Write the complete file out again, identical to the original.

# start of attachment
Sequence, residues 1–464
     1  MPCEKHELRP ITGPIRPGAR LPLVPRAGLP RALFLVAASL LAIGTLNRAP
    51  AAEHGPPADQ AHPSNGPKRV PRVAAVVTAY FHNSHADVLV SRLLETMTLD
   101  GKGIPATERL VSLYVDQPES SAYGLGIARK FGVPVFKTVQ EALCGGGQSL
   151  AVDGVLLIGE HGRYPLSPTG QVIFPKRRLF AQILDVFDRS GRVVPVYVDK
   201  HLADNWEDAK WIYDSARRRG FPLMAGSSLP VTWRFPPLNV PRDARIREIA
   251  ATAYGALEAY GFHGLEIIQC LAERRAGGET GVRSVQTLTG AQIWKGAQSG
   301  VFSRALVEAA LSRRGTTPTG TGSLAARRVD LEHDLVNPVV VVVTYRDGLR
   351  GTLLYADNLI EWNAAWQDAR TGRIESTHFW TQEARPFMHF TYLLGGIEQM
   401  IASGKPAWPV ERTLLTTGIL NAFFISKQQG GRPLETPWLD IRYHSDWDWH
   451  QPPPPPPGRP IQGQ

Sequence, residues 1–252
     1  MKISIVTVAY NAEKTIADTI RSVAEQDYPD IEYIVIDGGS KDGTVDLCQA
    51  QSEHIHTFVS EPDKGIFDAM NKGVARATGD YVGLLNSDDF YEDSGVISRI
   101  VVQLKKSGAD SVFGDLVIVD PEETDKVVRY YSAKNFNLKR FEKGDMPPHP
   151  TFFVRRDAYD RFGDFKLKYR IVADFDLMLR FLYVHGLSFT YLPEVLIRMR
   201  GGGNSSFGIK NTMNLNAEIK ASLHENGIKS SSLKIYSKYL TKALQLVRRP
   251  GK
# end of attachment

Sequence, residues 1–464
     1  MPCEKHELRP ITGPIRPGAR LPLVPRAGLP RALFLVAASL LAIGTLNRAP
    51  AAEHGPPADQ AHPSNGPKRV PRVAAVVTAY FHNSHADVLV SRLLETMTLD
   101  GKGIPATERL VSLYVDQPES SAYGLGIARK FGVPVFKTVQ EALCGGGQSL
   151  AVDGVLLIGE HGRYPLSPTG QVIFPKRRLF AQILDVFDRS GRVVPVYVDK
   201  HLADNWEDAK WIYDSARRRG FPLMAGSSLP VTWRFPPLNV PRDARIREIA
   251  ATAYGALEAY GFHGLEIIQC LAERRAGGET GVRSVQTLTG AQIWKGAQSG
   301  VFSRALVEAA LSRRGTTPTG TGSLAARRVD LEHDLVNPVV VVVTYRDGLR
   351  GTLLYADNLI EWNAAWQDAR TGRIESTHFW TQEARPFMHF TYLLGGIEQM
   401  IASGKPAWPV ERTLLTTGIL NAFFISKQQG GRPLETPWLD IRYHSDWDWH
   451  QPPPPPPGRP IQGQ

Sequence, residues 1–252
     1  MKISIVTVAY NAEKTIADTI RSVAEQDYPD IEYIVIDGGS KDGTVDLCQA
    51  QSEHIHTFVS EPDKGIFDAM NKGVARATGD YVGLLNSDDF YEDSGVISRI
   101  VVQLKKSGAD SVFGDLVIVD PEETDKVVRY YSAKNFNLKR FEKGDMPPHP
   151  TFFVRRDAYD RFGDFKLKYR IVADFDLMLR FLYVHGLSFT YLPEVLIRMR
   201  GGGNSSFGIK NTMNLNAEIK ASLHENGIKS SSLKIYSKYL TKALQLVRRP
   251  GK